It’s bizarre to hear how some in the diaspora have a romantic uncritical attachment to the Israel of the 1950s and 1960s. The Jewish community in America in that era was challenging segregation, challenging laws that forbid interracial marriage in the US, fighting for equality, fighting against barriers of entry that forbade people of color from housing. In the US Jewish activism often meant fighting for diversity and multi-culturalism. Israel even banned the Beatles in the 1960s. That’s how illiberal it was. So how can this “liberal” cause today be shackled to the Israel of the 1950s which had more in common with the Old South and some aspects of South Africa of the 1950s than it did a modern liberal country? Why would any liberal want to feel connected to curfews and segregation, racism, land confiscation, and the distribution of land by racial and ethnic group?

Israel didn’t recognize any new Arab communities until the 1970s. It ignored Arab areas and often didn’t provide them infrastructure, public bus lines or even basic services. The origins of the abuses over the Green Line and lack of development in Gaza and the West Bank can be found in the pre-1966. The abuses of pre-1966 were exported to the West Bank and Gaza. Luckily since then the abuses inside the Green Line have been reduced.

There were no universities or colleges or hospitals built by the state in Arab towns. The legacy of inequality in education can be found in this today in Israel. Where are the colleges in Nazareth and Arab towns?  What’s “liberal” about that? What’s liberal about forcing beduin off their land and not providing for housing and land until the creation of the beduin-only townships in the 1970s? How can anyone call it “liberal” to bulldoze the remnants of Palestinian Arab villages in the 1950s and re-settle immigrants in them? How can that be described as “liberal”? While American Jews were supporting native-American rights in the US, in Israel they identify with the diametric opposite?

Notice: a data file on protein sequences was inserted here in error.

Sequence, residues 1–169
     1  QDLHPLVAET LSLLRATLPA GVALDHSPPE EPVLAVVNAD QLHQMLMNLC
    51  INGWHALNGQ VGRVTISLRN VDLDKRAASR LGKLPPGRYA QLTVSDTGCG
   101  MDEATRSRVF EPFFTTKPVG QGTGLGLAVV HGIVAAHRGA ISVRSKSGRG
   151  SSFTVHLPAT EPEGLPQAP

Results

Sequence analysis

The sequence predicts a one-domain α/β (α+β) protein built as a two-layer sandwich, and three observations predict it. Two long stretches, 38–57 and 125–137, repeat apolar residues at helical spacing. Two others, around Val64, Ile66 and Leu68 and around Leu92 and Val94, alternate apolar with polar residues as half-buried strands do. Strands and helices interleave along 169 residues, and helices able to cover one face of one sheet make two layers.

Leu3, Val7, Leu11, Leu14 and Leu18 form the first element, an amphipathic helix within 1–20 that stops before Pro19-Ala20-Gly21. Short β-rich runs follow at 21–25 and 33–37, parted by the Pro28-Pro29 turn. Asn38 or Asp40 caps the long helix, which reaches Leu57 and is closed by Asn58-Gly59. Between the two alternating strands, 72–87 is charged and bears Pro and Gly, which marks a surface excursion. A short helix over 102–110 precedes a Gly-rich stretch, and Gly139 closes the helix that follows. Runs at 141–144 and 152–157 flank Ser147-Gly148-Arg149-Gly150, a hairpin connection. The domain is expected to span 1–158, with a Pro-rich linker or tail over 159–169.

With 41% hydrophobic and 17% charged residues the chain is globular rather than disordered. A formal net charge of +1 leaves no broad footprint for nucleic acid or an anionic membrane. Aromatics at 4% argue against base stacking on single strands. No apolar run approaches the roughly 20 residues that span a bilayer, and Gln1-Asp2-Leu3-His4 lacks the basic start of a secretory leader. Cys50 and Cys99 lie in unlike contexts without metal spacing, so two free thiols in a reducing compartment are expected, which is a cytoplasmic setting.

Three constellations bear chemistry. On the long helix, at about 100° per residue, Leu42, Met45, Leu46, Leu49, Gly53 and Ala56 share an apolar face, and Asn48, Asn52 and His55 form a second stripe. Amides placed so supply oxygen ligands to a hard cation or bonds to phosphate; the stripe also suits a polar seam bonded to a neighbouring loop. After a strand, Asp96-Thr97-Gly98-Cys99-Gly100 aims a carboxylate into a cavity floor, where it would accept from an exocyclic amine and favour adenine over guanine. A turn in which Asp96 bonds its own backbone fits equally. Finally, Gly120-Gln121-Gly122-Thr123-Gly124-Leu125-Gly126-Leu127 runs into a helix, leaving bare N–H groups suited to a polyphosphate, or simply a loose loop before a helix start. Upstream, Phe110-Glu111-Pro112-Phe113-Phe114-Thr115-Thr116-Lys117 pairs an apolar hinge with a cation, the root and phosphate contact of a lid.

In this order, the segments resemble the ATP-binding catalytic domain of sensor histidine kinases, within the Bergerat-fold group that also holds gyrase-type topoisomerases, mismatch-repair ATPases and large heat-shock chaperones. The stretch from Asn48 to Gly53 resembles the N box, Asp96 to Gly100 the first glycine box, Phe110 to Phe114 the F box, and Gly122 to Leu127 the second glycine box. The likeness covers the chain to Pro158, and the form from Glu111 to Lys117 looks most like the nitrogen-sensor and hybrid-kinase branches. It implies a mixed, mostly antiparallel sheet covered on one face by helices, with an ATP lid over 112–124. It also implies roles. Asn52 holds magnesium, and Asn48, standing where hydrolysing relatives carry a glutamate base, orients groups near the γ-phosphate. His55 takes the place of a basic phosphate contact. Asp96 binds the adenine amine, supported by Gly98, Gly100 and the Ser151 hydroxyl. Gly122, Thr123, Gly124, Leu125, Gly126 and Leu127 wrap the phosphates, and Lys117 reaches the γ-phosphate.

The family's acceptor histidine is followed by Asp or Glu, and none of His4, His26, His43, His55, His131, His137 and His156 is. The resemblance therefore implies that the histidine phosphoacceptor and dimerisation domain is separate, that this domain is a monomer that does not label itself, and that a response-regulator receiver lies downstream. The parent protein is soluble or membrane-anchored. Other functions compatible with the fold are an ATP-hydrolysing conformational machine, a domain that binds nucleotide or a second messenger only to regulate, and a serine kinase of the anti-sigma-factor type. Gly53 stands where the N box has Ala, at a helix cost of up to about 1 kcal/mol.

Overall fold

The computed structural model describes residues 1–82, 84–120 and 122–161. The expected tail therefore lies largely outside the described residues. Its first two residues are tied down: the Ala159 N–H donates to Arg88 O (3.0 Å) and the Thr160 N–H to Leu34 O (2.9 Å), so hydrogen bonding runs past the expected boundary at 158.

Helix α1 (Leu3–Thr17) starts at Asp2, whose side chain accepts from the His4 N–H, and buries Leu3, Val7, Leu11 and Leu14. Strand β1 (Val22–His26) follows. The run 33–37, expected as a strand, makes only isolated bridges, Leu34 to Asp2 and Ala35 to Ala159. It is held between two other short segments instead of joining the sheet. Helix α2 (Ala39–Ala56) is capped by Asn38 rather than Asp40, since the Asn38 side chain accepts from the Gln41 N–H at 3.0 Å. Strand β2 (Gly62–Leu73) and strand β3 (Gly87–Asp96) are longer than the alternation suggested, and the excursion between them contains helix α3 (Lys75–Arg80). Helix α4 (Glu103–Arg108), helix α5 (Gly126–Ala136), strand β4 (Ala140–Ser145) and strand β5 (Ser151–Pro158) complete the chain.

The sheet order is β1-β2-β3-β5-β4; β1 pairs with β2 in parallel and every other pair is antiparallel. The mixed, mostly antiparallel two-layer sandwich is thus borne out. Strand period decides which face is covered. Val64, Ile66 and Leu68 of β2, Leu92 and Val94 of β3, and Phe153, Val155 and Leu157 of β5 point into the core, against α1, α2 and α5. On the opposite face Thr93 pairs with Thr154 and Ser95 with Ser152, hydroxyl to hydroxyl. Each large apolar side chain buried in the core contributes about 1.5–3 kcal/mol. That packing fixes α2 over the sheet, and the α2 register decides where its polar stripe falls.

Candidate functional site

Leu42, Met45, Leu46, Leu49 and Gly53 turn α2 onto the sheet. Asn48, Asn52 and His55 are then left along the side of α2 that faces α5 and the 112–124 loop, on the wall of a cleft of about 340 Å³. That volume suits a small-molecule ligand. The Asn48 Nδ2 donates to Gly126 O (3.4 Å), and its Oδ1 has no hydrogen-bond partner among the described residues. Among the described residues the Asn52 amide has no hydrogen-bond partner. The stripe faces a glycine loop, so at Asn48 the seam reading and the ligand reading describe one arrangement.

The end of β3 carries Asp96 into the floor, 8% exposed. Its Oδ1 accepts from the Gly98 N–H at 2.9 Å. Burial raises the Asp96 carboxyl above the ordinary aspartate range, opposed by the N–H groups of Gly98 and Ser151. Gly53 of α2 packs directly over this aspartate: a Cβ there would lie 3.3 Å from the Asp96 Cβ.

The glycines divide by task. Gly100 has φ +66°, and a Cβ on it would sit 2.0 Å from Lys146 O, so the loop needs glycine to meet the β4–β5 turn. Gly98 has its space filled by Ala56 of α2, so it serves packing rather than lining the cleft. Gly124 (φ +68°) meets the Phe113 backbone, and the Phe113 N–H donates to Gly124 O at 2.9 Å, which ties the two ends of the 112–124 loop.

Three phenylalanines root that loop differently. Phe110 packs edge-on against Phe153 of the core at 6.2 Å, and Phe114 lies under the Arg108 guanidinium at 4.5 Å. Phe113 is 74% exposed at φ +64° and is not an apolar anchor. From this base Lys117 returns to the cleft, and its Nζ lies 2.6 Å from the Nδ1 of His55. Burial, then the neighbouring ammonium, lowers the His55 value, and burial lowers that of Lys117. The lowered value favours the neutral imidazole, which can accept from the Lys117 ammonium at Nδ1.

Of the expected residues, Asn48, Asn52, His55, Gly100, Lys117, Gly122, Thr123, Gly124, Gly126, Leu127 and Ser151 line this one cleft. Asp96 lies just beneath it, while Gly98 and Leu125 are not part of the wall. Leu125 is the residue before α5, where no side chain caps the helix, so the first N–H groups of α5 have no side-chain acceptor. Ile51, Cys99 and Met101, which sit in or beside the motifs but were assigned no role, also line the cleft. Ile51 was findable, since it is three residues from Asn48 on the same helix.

It doesn’t make sense how these myths still exist. It shows that there is a lack of education in US communities about Israel. There is no discussion about Mizrahi Jews, or Jews from diverse backgrounds, or even about Arab rights in Israel. There is basically zero discussion about what the 1950s looked like. Instead people are filled with kool-aid about some non-existent “liberal” past in Israel.

It’s mysterious how people in the US who fought against the draft and segregation can so uncritically embrace the draft and segregation in Israel. Segregation is normal in Israel because it was enshrined in the 1950s. This has had long-term negative affects. Many of the social problems in Israel, such as inequality and racism and beduin land rights issues can be traced to the 1950s. So why do some people want to go back to that?

What is a “kibbutz” in Israel? What if there were kibbutzim in America? That would mean allowing only white, Protestants to create whites-only communities where they would have a committee to keep everyone who was non-white and non-Protestant out. Would the US want that today or ever? A kibbutz in Israel is an example of one of the most racist things. There are no kibbutzim available for Arabs, for Ethiopians, for anyone except for European-origin people. Can the beduin have a kibbutz? When beduin in the Negev want to build a new community they are called “illegal” not “kibbutz.” What did Israel do with most new immigrants who were people of color from poorer countries in the global south? Well it put them in “development towns” in apartments. No kibbutz for them. Why make that romantic? It’s no more romantic than the Old South and its “agrarian” economy. There is nothing romantic about segregation. Nothing romantic about a committee that decides based on someone’s origin or race or religion where they can live.

A kibbutz is a form of an oligarchy reserved only for one group. Now, if kibbutzim had been open to everyone in Israel and if all groups in society had been permitted to form them, then it might be different. But Israel didn’t do that. It had one movement for kibbutzim and other groups were provided, usually almost by force by the state, different types of housing, on the Soviet model.

Israel is leaving behind the shackles of the 1950s today. After so many years it is trying to be a more diverse and multi-cultural society. Radio stations play different types of music and there are more of them. There are more TV stations. People have more access to choices. But the shadow of the 1950s remains. Kfar Vradim recently cancelled new housing plots because Arabs were seeking to move in. This is “left leaning”. No, it’s not. It’s not liberal. It’s racist and segregationist. Stop being romantic about it.